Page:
An identification, user detection or, simply, web-tracking, all that means a computation and an installation of a special identificator for each browser visiting a certain site. By and large, initially, it was not designed as a ‘ global evil’ and, as everything else has another ‘ side of a coin’, in other words it was made up to provide a benefit, for example, to allow website owners to distinguish real users from bots, or to give them a possibility to save user’s preferences and use them during the further visits. However, at the same time this option catch promo’s fancy. As you know, cookies are the most popular way to detect users. And they have been being used in advertising since 90s.
Many changes have taken place ever since, in the sphere of technologies a huge step forward have been made and today we can use not only cookies but many other ways for tracking users. The most obvious method is to install an indificator similar to a cookie. Another way is to use the information from the user’s computer, that we, actually, can get from the sent requests of HTTP-headers: address, OS type, time and so on. And, finally, we can distinguish a user upon his habits and behaviour ( the way he moves the cursor, favourite site sections and so on).
This approach is quite obvious, all that we need to do is to place some long-lasting identificator on the user’s side, that we can request during the further visits. Modern browsers allow to make it in a transparent manner for the user. First and foremost, we can use good old cookies. Then, it could be specific features of certain plag-ins, that have similar to cookies software, like, Local Shared Objects in Flash or Isolated Storage in Silverlight. Also we can find some storage mechanisms in HTML5, including localStorage, File and IndexedDB API. Besides, we can save unique markers in cache-resources on local machines or in the cache metadata (Last-Modified, ETag). Furthermore, we can detect a user by his fingerprints that we can get from Origin Bound certificates, generated by the browser for SSL-connections, or, by the data contained in SDCH-dictionaries, or by the information in those dictionaries. In short, there are plenty of possibilities.
Unlike other mechanism that we are going to discuss later, the usage of cookies is transparent for the end user. Moreover, it is not necessary to store an identification in a separate cookie to ‘mark’ a user, it could be simply collected from other cookies or be stored in metadata, like Expiration Time. That is why it is quite difficult to understand whether some certain cookie have been used for tracking or not.
Local Shared Objects
To store data on the client’s side by means of Adobe flash we use LSO mechanism. It is cookie’s analogue in HTTP, however, unlike the last ones it can store not only short fragments of text data which, in its turn, complicates the analysis and check-up of such objects. Until the release of the 10.3 version the flash-cookies’ behaviour has been set up separately from the browser settings, likewise, you needed to go to the Flash settings manager, situated on the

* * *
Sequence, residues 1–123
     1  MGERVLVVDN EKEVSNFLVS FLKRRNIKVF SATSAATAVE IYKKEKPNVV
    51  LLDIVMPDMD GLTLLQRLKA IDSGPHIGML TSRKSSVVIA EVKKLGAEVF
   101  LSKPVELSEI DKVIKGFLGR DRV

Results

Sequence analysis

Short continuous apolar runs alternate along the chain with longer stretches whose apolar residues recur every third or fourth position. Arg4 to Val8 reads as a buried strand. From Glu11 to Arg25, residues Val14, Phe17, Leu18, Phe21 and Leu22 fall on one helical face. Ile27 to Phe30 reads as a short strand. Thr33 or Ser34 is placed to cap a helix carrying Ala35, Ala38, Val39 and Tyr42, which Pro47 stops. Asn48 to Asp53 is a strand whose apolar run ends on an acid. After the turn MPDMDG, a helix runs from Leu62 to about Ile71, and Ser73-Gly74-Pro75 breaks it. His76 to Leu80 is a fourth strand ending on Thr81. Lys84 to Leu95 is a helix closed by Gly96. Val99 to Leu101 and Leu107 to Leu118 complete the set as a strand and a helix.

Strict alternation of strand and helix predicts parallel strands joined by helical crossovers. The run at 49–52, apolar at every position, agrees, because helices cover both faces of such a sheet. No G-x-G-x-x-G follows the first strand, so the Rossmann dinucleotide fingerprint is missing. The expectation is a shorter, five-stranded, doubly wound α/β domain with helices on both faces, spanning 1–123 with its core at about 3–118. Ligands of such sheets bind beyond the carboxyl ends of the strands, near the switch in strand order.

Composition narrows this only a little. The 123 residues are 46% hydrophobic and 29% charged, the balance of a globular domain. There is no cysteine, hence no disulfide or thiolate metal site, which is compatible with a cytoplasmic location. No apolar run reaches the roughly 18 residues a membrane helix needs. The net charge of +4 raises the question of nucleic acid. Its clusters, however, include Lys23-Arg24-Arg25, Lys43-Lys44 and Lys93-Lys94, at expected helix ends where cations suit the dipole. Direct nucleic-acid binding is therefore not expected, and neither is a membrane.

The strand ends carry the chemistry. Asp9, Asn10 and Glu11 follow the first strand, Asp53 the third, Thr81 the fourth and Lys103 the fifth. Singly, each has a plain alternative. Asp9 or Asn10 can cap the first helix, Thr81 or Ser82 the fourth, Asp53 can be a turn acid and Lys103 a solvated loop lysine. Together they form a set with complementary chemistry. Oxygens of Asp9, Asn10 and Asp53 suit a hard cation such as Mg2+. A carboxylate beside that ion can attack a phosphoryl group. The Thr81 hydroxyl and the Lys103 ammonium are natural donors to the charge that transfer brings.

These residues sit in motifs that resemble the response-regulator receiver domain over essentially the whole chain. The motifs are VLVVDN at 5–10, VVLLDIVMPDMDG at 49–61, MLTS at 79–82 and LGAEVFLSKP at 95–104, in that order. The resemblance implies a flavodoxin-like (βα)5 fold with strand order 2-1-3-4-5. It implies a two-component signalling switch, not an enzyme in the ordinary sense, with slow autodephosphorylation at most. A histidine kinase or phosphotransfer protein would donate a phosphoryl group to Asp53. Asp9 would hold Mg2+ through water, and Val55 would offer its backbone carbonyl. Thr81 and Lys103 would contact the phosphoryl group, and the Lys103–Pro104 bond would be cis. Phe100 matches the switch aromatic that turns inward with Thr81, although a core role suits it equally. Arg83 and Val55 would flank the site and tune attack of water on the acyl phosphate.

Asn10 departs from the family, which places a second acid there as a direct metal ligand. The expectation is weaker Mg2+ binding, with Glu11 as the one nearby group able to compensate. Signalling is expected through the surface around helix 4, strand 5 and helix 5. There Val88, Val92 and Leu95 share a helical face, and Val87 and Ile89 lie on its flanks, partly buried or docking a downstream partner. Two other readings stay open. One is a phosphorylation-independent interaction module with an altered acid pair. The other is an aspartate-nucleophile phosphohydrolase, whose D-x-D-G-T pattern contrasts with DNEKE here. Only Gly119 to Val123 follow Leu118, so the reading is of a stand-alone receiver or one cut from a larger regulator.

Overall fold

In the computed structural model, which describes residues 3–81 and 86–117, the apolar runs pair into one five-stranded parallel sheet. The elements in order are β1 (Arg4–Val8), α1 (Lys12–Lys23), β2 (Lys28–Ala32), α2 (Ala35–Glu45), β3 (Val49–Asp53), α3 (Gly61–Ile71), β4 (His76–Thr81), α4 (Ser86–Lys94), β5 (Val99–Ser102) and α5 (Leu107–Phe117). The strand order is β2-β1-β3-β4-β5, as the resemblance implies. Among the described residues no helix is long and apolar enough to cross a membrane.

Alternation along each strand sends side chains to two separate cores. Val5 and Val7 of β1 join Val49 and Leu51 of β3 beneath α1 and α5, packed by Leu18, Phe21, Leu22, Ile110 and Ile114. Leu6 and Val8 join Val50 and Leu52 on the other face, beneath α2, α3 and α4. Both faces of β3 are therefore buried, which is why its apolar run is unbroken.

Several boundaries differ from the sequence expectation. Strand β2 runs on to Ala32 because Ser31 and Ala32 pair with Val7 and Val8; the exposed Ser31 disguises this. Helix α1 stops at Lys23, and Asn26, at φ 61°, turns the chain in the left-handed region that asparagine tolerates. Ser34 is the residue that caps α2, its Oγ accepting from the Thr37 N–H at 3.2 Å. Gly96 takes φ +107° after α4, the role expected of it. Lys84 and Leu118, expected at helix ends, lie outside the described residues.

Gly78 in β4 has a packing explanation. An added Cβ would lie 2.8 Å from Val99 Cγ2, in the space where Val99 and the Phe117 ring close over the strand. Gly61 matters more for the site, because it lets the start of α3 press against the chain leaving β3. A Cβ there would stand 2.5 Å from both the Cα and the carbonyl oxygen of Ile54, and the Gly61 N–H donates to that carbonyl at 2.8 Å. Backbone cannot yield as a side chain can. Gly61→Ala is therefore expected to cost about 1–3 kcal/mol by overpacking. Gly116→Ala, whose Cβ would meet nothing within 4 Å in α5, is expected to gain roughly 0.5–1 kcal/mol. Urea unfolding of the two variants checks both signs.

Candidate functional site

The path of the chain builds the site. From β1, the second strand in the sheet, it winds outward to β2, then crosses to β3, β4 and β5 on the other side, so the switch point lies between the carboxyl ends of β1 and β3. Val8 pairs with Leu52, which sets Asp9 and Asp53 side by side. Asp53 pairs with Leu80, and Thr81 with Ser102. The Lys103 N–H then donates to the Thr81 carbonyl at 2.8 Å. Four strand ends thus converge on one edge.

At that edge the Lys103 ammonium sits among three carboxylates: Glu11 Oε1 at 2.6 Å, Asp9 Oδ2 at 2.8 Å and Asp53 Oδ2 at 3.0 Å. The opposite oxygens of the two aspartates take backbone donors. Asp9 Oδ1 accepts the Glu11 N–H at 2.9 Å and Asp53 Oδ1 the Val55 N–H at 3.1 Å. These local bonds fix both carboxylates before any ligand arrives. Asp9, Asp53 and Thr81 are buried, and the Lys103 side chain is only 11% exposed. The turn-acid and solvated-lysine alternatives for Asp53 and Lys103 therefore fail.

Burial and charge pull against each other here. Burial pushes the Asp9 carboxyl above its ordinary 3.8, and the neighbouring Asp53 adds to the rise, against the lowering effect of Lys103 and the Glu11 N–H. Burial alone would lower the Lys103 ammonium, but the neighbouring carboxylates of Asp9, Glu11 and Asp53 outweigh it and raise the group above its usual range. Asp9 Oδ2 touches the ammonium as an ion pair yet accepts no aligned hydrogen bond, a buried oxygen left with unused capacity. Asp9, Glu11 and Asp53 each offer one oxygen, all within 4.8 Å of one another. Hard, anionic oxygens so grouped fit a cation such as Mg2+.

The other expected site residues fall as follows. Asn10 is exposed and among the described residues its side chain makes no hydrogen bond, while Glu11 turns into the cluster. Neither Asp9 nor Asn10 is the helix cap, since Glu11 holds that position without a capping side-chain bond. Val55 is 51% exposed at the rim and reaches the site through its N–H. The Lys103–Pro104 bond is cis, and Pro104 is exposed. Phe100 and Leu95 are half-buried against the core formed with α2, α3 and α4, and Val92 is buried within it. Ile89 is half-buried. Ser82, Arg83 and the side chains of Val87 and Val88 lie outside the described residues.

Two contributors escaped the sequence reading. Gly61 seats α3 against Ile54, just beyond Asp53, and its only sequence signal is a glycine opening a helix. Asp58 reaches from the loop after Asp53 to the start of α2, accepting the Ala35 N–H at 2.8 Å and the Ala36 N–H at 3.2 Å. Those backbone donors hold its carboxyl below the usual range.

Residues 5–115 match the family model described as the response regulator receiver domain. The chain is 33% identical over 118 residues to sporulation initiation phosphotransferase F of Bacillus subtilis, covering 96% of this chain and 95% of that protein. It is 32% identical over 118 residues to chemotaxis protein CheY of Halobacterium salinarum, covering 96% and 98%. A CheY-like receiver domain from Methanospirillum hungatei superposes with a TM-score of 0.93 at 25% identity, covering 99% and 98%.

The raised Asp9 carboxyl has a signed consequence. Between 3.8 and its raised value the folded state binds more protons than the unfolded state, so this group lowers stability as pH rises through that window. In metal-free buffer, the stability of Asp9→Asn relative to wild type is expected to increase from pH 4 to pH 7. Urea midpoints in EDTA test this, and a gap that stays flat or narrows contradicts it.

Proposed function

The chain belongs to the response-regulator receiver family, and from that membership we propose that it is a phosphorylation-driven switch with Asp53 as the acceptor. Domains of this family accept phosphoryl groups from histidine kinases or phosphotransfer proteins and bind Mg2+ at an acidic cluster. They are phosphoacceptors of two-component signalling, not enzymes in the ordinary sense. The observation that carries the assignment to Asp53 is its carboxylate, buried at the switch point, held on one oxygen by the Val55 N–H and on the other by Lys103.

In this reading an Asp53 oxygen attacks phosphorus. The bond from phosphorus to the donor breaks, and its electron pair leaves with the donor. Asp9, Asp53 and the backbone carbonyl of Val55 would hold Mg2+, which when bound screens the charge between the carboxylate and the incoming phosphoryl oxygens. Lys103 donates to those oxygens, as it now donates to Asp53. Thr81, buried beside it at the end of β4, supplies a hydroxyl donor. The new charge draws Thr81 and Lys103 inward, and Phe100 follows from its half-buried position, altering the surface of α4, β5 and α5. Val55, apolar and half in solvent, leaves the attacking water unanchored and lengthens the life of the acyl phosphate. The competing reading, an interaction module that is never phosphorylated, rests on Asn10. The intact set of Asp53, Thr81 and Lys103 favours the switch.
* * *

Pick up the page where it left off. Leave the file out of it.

macromedia.com site ( by the way, it is still available on the further link (bit.ly/1nieRVb)). Today you can do it right from the control panel. Furthermore, most nowadays browsers provide quite good integration with flash-player, so, during the deleting of cookies and other sites’ datas the LSO will be deleted as well. On the other hand, the interaction is not that good, so the setting up the policy about outside cookies will not always consider the flash’s ones ( here you can find how to turn them off manually (adobe.ly/1svWIot)).
Isolated storage Silverlight
The software platform Silverlight is quite similar to Adobe Flash. So, for example, the mechanism
Isolated Storage is the analogue to
Local Shared Objects in Adobe. However, unlike Adobe the privacy settings in here are not connected to browser that is why even after deleting all the caches and cookies from a browser, all the data saved in
Isolated Storage still will be there. But what is more interesting, the storage is common for all the tabs of a browser ( except those in ‘incognito’ mode), as long as for all the profiles, installed on the one machine. Just like in LSO, from the technical point of view, there is no obstacles to store session identifications. Nonetheless, regarding the fact that you can not influence the mechanism through browser settings, it has not got such an expansion in term of unique identificators storage.
HTML5 and the data storage on the client’s side
HTML5 is a mechanism that allows to store structured information on the client side. Among them we have localStorage, File API and IndexedDB. Despite the differences their purpose is to store random amount of binary data connected to a certain resource. Moreover, unlike HTTP and Flash cookies there is no particular restrictions regarding the size of stored files. In modern browsers the HTML5 storage is situated among other site data. Nevertheless, it is quite difficult to figure out how to control the storage through a browser. Like, for example, to delete the information from the Firefox